Today I received some 'toys' that I ordered off the WUS sales forum. It was some tools and 2 watches that the seller had wanted to use to learn about watchmaking/ servicing. According to the seller, the movement was no longer working. I was excited to get the movement as I did not want to take apart a perfectly working ETA/ Unitas 64XX movement and find out that I could not put it back together again. So buying some non-working Chinese clone of the ETA/ Unitas 64XX seems a good deal for me.
I already have some watch servicing tools. So these are some of the additional tools that came today. The first is an interesting case opener. I have not seen one like this before. I think this tool is to be used in conjunction with a table vise. Why? Looking at the photographs below, I think you will come to the same conclusion. I think one would use this tool if the case back is tight. You would place the watch in a watch holder and use this case back opener. It is a 2 handed job.
The interesting thing about this tool is that it comes with 5 different jaws around the center of the tool. Rotate the tool and there is a different jaw. This would fit a rounded slot on a watch case back. The knurled nut is to move one of the jaws away from the other so that you can fit the jaws on the case back. The fixed jaw can also be adjusted by loosening the screw and moving it across the bar.
This would be for removing Rolex/ Tudor case back.
This is for the standard square slot case back.
There is another jaw to remove Panerai type case back. Cool tool.
Next is the watch hand installation press. I have the normal Horotec pen type watch hand installation tool. I find those easy to use but having a press would make installing watch hands easier (I think). At least the tool would be vertical to the watch hands during installation. The tool is very red (reminds me of Snap-on tools). It comes with 8 different pins for different hand size. I like it.
Finally a proper watch blower. I have been using my camera blower.
I have no idea what this is, but I think it is some sort of movement holder. Looks like a lump of resin with a depression on top. Anyone?
A watch movement holder. I have seen this being used in watch service centers and it is normally mounted on some sort of table vise. It has 4 plastic feet and the feet can be adjusted to fit different size watch case. Each feet has 3 adjustment points. It is currently holding one of the watch movement. I will (was) working on this particular movement.
I believe all the tools above are either Chinese or Taiwanese made tools.
The other tools that came with the package are Bergeon Rodico, a loupe (which got smashed in the shipping), finger tip protector, a plastic tweezer, watch hands remover and a cushion pad.
Now on to the watches. The watches are homage watches fitted with Chinese movement. I got 3 dials, 2 movements, 2 watch cases and 3 sets of hands. Out of the 3 dials, 2 I will be sending out for professional refurbishment. Basically I want the dial to be sterile. Also I want the dial to be matte black.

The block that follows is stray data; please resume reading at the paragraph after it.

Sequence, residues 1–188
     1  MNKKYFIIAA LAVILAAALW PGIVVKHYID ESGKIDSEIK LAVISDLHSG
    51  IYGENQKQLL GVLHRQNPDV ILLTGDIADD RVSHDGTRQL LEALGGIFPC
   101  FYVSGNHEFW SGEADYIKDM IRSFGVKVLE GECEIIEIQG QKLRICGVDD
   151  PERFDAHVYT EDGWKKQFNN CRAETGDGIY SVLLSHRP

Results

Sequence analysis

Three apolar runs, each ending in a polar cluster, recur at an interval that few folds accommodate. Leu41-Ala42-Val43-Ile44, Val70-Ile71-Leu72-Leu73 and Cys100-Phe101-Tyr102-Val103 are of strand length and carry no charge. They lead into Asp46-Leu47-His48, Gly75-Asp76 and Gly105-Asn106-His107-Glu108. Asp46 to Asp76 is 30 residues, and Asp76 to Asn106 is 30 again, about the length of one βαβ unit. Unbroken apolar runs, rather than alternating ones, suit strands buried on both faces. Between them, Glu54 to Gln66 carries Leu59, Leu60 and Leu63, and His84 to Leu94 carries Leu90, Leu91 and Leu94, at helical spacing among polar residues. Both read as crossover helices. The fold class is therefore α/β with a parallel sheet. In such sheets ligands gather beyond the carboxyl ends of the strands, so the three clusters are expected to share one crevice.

The other dial, I will try to refurbish myself. This dial was in bad shape. The dial, which is sandwich in design has been badly glued together. It easy easy to remove the top dial from the bottom. After the removal, we can see that the luminous paint was only applied at the cut-outs and not across the lower dial. I will be applying the luminous paint across the lower dial and not just where the cut-out is.
The dial has a missing foot, thus it was glued to the movement. You can see the glue stains on the movement later. The dial after it has been cleaned. I have to say that the lower dial, which is made from aluminium is well made. The sub-dial is engine tuned as is the area where the numbers are located. I also need to get some 'welding' solution to refit the broken foot.
The dial after it has been cleaned. I am not too concern about the wordings as I want this dial to be sterile as well.
The watch case. One is PVD black and the other is brush matte. I am considering sending the PVD black case out for black amour coating. We shall see.
One of the movement. I suspect the problem with this movement is the missing pull out piece/ setting lever and that the sliding pinion/ wig-wag pinion is displaced.
This is the movement that I was working on. This is the before photograph. Can you see the glue stains?
The movement is rather pretty. It has the swan neck adjustment, blue screws and very nice finish.
According to the seller, the movement is not working. I suspect the problem is that the pull out piece/ setting lever somehow dropped out (I hope). The missing parts from both movements. One of the hour wheel tension washer is also missing. I will be going to my local supplies store soon to get the washer and the luminous paint.
Well, I spent 2 hours taking the movement apart and putting it back again. I did learn a few things that were not in the books. It is good to check for free play and ease of movement of the Third, Fourth, Escape and Center wheel during installation. This to ensure it does not bind. Also make sure you remember the correct orientation of the Pallet. The other problem is to get the balance wheel to engage the Pallet.
Finally, all fixed and the movement is now running. I will be bring the movement to my friendly watch maker tomorrow to have him check it and also for timing the movement. The pull out piece/ setting lever now installed.
Overall it was a good afternoon. I had fun. The movement has been running for about 1 hour. I have fully wound the movement and will check to see how long is the power reserve. Also I will be rotating the movement to different position to see if it will still tick.